09 Articulations Selected Articulations In Depth

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Specific articulations. Synovial joints of various categories

Transcript of 09 Articulations Selected Articulations In Depth

  • 1. Temporomandibular Joint (TMJ)
    • Combination of ahinge and glidingjoint
  • Reinforced by 3 major extrinsic ligaments
  • Only synovial joint in skull
  • Depression/elevation
  • Protraction/retraction
  • Lateral movements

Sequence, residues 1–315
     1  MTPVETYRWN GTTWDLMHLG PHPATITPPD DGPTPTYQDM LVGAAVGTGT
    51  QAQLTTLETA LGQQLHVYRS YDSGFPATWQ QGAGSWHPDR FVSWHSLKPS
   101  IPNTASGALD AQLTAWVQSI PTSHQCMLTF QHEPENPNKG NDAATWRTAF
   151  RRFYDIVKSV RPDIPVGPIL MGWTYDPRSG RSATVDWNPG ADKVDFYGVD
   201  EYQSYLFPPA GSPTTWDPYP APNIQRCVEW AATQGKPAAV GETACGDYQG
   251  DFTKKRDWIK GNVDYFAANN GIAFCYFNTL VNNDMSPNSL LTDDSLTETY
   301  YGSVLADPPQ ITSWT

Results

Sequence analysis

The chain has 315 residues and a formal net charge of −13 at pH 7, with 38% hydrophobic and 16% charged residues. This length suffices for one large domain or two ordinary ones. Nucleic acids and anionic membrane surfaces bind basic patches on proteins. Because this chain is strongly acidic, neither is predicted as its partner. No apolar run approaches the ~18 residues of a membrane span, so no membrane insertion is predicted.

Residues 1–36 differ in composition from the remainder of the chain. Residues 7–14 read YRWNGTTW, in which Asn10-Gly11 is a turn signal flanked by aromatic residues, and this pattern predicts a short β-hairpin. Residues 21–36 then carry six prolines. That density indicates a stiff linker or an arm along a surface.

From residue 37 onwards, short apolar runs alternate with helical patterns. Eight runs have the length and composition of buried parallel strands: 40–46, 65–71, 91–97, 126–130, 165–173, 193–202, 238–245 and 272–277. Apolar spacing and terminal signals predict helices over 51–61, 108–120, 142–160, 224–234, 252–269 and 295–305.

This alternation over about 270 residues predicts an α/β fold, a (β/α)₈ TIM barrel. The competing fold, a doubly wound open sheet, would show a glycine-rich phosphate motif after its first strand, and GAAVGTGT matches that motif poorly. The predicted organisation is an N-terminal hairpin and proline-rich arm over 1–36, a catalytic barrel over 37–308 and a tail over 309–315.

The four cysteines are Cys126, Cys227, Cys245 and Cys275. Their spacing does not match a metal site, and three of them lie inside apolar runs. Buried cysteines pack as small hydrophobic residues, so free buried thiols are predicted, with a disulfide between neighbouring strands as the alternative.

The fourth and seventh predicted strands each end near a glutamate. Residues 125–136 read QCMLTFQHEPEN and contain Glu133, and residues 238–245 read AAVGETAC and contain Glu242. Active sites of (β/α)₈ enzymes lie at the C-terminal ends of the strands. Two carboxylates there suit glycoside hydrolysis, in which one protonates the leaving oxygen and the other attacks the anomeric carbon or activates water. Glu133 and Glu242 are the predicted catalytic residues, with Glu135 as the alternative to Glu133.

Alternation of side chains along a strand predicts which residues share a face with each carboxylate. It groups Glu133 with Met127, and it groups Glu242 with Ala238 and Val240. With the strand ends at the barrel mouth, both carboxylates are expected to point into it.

2. 3. Thetemporomandibular jointis formed by the mandibular condyle and the mandibular fossa of the temporal bone. It is supported by ligaments. 4. 5. Anarticular discseparates the bones within the joint capsule.The movement of this disc may create clicking or popping sounds. 6. The TMJ allows depression/elevation, protraction/retraction, and lateral rotary movements. 7. Mouth splints can prevent teeth grinding which can lead to TMJ syndrome 8. Close-up of mouth splint used to prevent TMJ syndrome 9. ACCORDING TO THE CLINICAL VIEW IN YOUR TEXT, TMJ DISORDER CAN CAUSEWIDESPREADDISTRIBUTION OF PAIN IN THE HEAD.WHY? A SPREAD OF INFLAMMATORY CHEMICALS VIATHE LYMPHATIC SYSTEM B AVASCULAR NECROSIS C AUTOIMMUNE DISEASE D PSYCHOSOMATIC PAIN FROM OCCIPITAL LOBEOF THE CEREBRUM E IRRITATION OF THE TRIGEMINAL NERVE 10. The intervertebral discs form an amphiarthroticsymphysisbetween one vertebral body and the next. The articulation between the articular processes form amphiarthotic synovialgliding(planar)joints . 11. The combined effect of slight movement between all the gliding joints is considerable movement of the spine. 12. Palpation of theligamentum nuchae 13. Thesternoclavicular jointis formed where the clavicle articulates with the manubrium.Depending on the reference source it is a either adiarthrotic synovial gliding joint OR a diarthrotic synovial saddle joint . 14. Sternoclavicular joint has anarticular disc . 15. Mike Bond putting great stress on his sternoclavicular joints 16. Dislocation of the sternoclavicular joint 17. Partial dislocation of both sternoclavicular joints with bleeding 18. 19. 20. X ray ofacromioclavicular separation 21. Glenohumeral Joint 22. Theglenohumeral jointis formed by the head of the humerus articulating with the glenoid cavity of the scapula 23. Master Long preparing to dislocate an opponents glenohumeral joint Readclinical viewin the text 24. U. S. soldier learning how to dislocate opponents shoulder Green arrow shows direction of force 25. Dislocation(luxation)of the right shoulder(glenohumeral joint) with subsequent anterior displacement of the head of the humerus. 26. Glenohumeral dislocation 27. Doctors foot 28. Theglenoid labrumdeepens the concavity of the shoulder joint 29. Lateral view of scapula 30. Rotator cuff(musculotendinous cuff) is formed by tendons of the infraspinatus, subscapularis, supraspinatus, and teres major.It is weak inferiorly. 31. Thecoracohumeral ligament, glenohumeral ligaments, and the transverse humeral ligamentall help stabilize the glenohumeral joint. 32. There are numerousbursaeandtendon sheathsassociated with the shoulder (glenohumeral) joint. 33. WHICH OF THE FOLLOWING IS ACORRECTSTATEMENT? A GLENOHUMERAL DISLOCATIONS (LUXATIONS)INITIALLY OCCUR SUPERIORLY AND THEN THEHUMERAL HEAD SHIFTS POSTERIORLY. B THE LIGAMENTUM NUCHAE CONNECTS TO THEVERTEBRA PROMINENS C THE FIBROCARTILAGE PADS BETWEENVERTEBRAL BODIES FORM SYNCHONDROSES D THE ARTICULATION BETWEEN VERTEBRALARTICULAR PROCESSES ARE BIAXIAL SYMPHYSES E. THE MUSCULOTENDINOUS CUFF IS FORMED BYINTEROSSEOUS MEMBRANE 34. Elbow joint 35. Thehumeroulnar joint ( between trochlea and trochlear notch) is a hinge joint.Thehumeroradial joint ( between capitulum and radial head) is considered by some to be a gliding joint. Anterior view 36. Elbow joint 37. 38. Theelbow jointis supported by itsarticular capsuleand by multiple strong ligaments:the radial (lateral) collateral ligament, the ulnar (medial) collateral ligament, and the annular ligament. 39. Elbow joint : noteradial (lateral) collateral ligamentandanular ligament 40. Elbow joint : note theulnar (medial) collateral ligamentand theanular ligament . 41. Readclinical viewabout subluxation of the head of the radius in your text 42. Subluxation of the head of the radius 43. Dislocation (luxation) of the elbowcan damage the associated ligaments 44. Theradiocarpal (wrist) articulationdoes NOT include the distal end of the ulna because the ulna is separated from the carpal bones by anarticular disc. 45. Metacarpophalangeal and interphalangeal joints 46. Hinge joints Condyloid joint No ligamentous support posteriorly! 47. Posterior dislocation of interphalangeal joint 48. Open dislocation of interphalangeal joint of finger #1 49. Coxal joint 50. Coxal (hip, acetabulofemoral) joints 51. Afibrocartilage acetabular labrumdeepens the concavity of the acetabulum and helps stabilize the coxal (acetabulofemoral) joint 52. Strong ligaments, a strong joint capsule, and powerful muscles help to stabilize theacetabulofemoral joint 53. Theretinacular fiberssupport the joint capsule and contain arteries thatsupply most of the blood to the neck and head of the femur Theligament of the head of the femur(ligamentum teres) contains a small artery that supplies some of the blood to the head of the femur. 54. Fracture of the neck of the femur Read about fracture of the femoral neck in theclinical viewin the text 55. Tibiofemoral (knee) joint 56. Theknee jointis composed of two separate articulations:the tibiofemoral joint and the patellofemoral joint. 57. Patellofemoral joint of left knee of femur 58. Thequadriceps femoris tendoninserts onto the patella, which is embedded in this tendon Thepatellar ligamentextends inferiorly from the patella and attaches to the tibial tuberosity 59. Thetibiofemoral jointis stabilized by thelateral (fibular) collateral ligamentand by themedial (tibial) collateral ligament .The LCL is NOT attached to the meniscus. Right knee, anterior view 60. Invarusdisplacement of the knee (hyperadduction of the lower leg), the distal segment (lower leg) is abnormally deviated medially.This is normallyprevented by the lateral (fibular) collateral ligament . 61. Thetibiofemoral jointis stabilized by thelateral (fibular) collateral ligamentand by themedial (tibial) collateral ligament .Right knee, anterior view 62. Invalgusdisplacement of the knee (hyperabduction of the lower leg), the knee is driven mediallywhile the lower leg is deviated laterally.This is normally prevented by the medial (tibial) collateral ligament. 63. attached The medial collateral ligamentis attached to the medial meniscus .This means if the MCL tears the medical meniscus also tears. Right knee, anterior view 64. Themedial meniscusand thelateral meniscusare made of fibrocartilage and help stabilize the knee and act as cushions.Note the MCL is attached to the medial meniscus. attached Right knee, anterior view 65. Themeniscihelp to pad and stabilize the knee 66. More deeply thetibiofemoral jointis stabilized by theposterior cruciate ligament and by the anterior cruciate ligament . 67. Note that theposterior cruciate ligament is tight(taut) when the tibiofemoral joint isflexedwhile theanterior cruciate ligament is tight(taut) when the tibiofemoral joint isextended .Most knee injuries occur when the knee is extended (anterior cruciate ligament is tight) so it is commonly ruptured (ruptured ACL) by hyperextension or lateral displacement when leg is extended. ACL tight PCL tight 68. Humans are bipedal animals.An important aspect in walking and standing is the ability tolock the knees .This is possible because at full extension the tibia rotates laterally so as to tighten the ACL and squeeze the meniscus between the tibia and femur.This mechanism permits a person to stand for long periods without using or tiring the muscles of the leg. 69. Thetibiofemoral joint(knee) is very vulnerable to injury.Read theclinical viewin the text. 70. Valgus deviation of the knee(hyperabduction of lower leg)) 71. Valgusstress to the knee (hyperabduction of the lower leg) can rupture the MCL, the medial meniscus, and, if enough displacement occurs, the ACL and the PCL. (medial) 72. 73. 74. Anallograft replacementof the ACL uses materials from another person (cadaver) 75. Anautograft replacementuses your own tissues, such as the middle portion of the patellar ligament 76. Anautograft replacementcan also use a portion of your hamstring tendons.They are removed, braided, and used to replace the ACL. 77. 78. 79. There are numerousbursaeassociated with the knee.Two of them are shown here. 80. WHICH OF THE FOLLOWINGWOULD BE INJUREDIN THE KNEE BY HYPERABDUCTION OF THE LOWER LEG (VALGUS DEVIATION)? A MENISCUS B LATERAL COLLATERAL LIGAMENT C PATELLAR LIGAMENT D RUPTURED RETINACULAR FIBERS E ALL OF THE ABOVE 81. Ankle joint 82. Thetalocrural (ankle) jointis a hinge joint formed by the medial and lateral malleoli and the talus 83. Thetalocrural (ankle) jointis surrounded by an articular capsule 84. Medial view Lateral view 85. The most common sprain of the ankle isexcessive inversionthat ruptures theanterior talofibular ligament and the calcaneofibular ligament 86. Excessive inversion of the ankle in rugby 87. 88. 89. Dislocated right ankle 90. Dislocated ankle joint 91. 92. 93. Excessiveeversion , which is less common, can damage thedeltoid ligamenton the medial side of the ankle 94. High top athletic shoeshave been statistically shown to reduce the incidence of ankle sprains, most likely by making the person more aware of the position of the ankle when leaping or jumping. 95. Results: The high-topshoes were moreeffective in reducingthe amount andrate of inversionthan the low-top shoes 96. Sprainsare often accompanied by bleeding and inflammation of the joint capsule (synovitis). Read about ankle sprains and Pott fractures in theclinical viewin the text. 97. Intertarsal